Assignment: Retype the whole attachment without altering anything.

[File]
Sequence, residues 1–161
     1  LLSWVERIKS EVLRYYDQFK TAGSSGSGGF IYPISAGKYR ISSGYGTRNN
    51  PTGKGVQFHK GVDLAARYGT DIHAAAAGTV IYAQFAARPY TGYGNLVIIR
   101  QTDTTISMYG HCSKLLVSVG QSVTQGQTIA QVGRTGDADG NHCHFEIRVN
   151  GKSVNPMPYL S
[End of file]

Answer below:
Sequence, residues 1–161
     1  LLSWVERIKS EVLRYYDQFK TAGSSGSGGF IYPISAGKYR ISSGYGTRNN
    51  PTGKGVQFHK GVDLAARYGT DIHAAAAGTV IYAQFAARPY TGYGNLVIIR
   101  QTDTTISMYG HCSKLLVSVG QSVTQGQTIA QVGRTGDADG NHCHFEIRVN
   151  GKSVNPMPYL S